On the nanny state, as a Conservative I believe that people should voluntarily come to informed decisions about their lifestyle. Rather than telling people what they should do, I prefer people to want to do it. If people are to make valid decisions about lifestyle, however, they need all the relevant information in front of them to come to a rational decision. The problem with smoking is that if we leave it to the tobacco companies, consumers—especially young consumers—get a one-sided picture. So we either have to balance the commercial budget with a public budget of comparable size, or restrict the commercial budgets and the promotion of a legal, but lethal, product. The first option would be unaffordable. The second has been the policy since television ads were banned in, I think, the 1960s, but it has never been followed through effectively.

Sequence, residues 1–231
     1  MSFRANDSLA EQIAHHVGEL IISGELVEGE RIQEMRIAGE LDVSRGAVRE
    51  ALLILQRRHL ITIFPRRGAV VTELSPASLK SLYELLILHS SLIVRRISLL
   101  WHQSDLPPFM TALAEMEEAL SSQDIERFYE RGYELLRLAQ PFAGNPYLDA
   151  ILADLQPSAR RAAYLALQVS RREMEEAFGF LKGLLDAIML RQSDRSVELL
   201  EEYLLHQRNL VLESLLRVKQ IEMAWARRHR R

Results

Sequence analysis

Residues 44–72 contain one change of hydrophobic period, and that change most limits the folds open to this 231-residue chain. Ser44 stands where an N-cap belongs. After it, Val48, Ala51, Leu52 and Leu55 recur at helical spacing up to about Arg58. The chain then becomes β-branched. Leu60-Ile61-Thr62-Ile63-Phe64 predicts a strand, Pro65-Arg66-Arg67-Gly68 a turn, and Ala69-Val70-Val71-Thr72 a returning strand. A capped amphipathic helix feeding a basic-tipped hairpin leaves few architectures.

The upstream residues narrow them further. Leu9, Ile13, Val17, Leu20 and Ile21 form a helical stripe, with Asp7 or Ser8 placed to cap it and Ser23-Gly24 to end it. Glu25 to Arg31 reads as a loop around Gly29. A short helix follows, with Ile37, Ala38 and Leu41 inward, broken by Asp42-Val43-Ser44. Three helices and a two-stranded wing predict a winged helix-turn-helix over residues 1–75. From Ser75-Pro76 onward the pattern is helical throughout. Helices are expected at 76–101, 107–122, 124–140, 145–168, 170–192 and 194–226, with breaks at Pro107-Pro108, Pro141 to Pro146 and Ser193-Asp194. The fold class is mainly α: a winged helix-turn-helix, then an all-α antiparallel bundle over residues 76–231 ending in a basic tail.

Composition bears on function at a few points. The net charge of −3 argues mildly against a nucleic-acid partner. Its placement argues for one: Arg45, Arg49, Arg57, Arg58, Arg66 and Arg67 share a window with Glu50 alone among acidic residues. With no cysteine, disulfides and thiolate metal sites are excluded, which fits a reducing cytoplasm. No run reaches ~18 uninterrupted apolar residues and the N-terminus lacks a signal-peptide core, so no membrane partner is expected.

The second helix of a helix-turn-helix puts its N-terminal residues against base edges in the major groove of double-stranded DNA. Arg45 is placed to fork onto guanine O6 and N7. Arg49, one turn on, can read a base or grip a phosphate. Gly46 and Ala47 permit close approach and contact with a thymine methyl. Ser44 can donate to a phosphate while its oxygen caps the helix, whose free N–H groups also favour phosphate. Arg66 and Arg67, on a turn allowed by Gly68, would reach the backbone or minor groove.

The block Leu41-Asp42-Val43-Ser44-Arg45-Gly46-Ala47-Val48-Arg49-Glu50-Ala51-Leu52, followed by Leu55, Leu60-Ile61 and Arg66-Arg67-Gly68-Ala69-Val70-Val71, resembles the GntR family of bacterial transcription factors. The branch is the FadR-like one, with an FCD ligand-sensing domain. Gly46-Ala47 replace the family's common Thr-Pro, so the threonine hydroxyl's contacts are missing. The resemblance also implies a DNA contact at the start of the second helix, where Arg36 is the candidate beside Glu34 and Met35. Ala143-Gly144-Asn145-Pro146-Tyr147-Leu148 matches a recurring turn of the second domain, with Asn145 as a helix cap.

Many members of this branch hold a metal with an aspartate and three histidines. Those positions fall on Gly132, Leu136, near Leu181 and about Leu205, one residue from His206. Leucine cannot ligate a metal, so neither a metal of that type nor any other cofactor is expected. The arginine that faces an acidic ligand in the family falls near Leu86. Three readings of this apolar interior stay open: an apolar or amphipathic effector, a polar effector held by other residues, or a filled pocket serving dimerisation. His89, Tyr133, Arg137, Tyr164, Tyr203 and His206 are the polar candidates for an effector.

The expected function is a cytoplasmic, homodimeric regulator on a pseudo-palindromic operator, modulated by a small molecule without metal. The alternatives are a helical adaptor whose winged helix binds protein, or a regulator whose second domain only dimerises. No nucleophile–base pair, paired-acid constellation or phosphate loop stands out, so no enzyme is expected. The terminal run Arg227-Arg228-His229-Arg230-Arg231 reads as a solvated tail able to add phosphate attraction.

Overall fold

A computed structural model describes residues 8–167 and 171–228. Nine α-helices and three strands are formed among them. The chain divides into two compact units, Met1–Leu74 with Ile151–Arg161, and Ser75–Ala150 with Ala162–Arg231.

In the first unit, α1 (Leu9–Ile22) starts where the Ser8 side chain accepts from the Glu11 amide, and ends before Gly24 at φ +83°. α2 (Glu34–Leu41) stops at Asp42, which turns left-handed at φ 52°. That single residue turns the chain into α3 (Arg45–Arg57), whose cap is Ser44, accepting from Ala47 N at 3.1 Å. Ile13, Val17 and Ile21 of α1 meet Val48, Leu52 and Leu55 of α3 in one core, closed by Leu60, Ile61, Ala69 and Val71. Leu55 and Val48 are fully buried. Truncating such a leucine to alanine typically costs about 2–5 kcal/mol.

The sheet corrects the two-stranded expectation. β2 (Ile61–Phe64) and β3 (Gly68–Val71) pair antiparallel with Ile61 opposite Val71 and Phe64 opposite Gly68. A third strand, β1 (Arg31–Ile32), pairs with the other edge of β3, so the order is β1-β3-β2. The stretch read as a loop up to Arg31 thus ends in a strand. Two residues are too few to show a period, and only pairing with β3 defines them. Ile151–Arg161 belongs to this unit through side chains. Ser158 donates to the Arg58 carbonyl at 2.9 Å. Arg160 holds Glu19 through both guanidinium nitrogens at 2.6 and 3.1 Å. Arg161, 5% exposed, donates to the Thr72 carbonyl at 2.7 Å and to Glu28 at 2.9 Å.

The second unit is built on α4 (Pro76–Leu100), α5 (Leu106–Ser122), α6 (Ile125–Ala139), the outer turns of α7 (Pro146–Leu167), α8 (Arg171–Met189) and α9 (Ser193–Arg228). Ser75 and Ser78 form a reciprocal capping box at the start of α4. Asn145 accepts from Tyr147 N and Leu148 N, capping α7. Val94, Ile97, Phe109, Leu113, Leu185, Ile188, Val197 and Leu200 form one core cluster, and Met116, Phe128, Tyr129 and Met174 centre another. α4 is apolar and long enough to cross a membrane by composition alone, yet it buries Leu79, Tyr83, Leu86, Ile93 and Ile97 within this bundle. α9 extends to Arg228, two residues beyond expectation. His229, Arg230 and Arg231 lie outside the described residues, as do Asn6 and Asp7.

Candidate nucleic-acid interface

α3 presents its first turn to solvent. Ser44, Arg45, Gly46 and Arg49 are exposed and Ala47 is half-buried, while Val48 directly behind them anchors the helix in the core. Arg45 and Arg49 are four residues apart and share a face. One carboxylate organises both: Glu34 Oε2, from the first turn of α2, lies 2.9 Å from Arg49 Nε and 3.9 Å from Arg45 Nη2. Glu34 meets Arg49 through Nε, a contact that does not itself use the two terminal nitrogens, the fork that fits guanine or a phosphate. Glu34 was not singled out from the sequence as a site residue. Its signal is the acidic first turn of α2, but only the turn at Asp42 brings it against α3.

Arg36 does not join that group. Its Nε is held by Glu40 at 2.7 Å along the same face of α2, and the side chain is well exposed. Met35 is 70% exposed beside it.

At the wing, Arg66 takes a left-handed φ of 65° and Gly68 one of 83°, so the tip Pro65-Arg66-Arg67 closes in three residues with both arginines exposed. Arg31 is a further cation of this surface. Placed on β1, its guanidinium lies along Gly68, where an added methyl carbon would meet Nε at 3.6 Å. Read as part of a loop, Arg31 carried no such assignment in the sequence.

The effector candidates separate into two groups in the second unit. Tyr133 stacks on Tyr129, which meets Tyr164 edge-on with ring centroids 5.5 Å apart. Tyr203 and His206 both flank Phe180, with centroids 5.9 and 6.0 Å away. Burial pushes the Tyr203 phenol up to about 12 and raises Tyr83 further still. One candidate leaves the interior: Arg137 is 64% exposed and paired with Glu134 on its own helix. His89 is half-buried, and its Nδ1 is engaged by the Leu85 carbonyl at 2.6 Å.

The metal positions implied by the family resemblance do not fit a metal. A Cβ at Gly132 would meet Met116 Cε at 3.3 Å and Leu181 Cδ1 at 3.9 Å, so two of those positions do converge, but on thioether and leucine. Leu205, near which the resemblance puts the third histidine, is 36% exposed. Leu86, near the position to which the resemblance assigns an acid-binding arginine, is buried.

The argument that advertising simply promotes brand awareness is strictly for the birds. I remember an advertising executive justifying the huge sums that used to be spent on advertising toothpaste. He told me that advertising promoted not just the brand, but an awareness of oral hygiene. I think he was right. Intuitively, we know that to be the case. We have all seen television advertisements for holidays and thought that the place featured looks nice, but we often do not absorb the name of the tour operator, or we forget it pretty quickly. The image of a nice holiday remains with us, however. Advertising cigarettes creates an aura of legitimacy and acceptability, which is just what the tobacco companies want to create.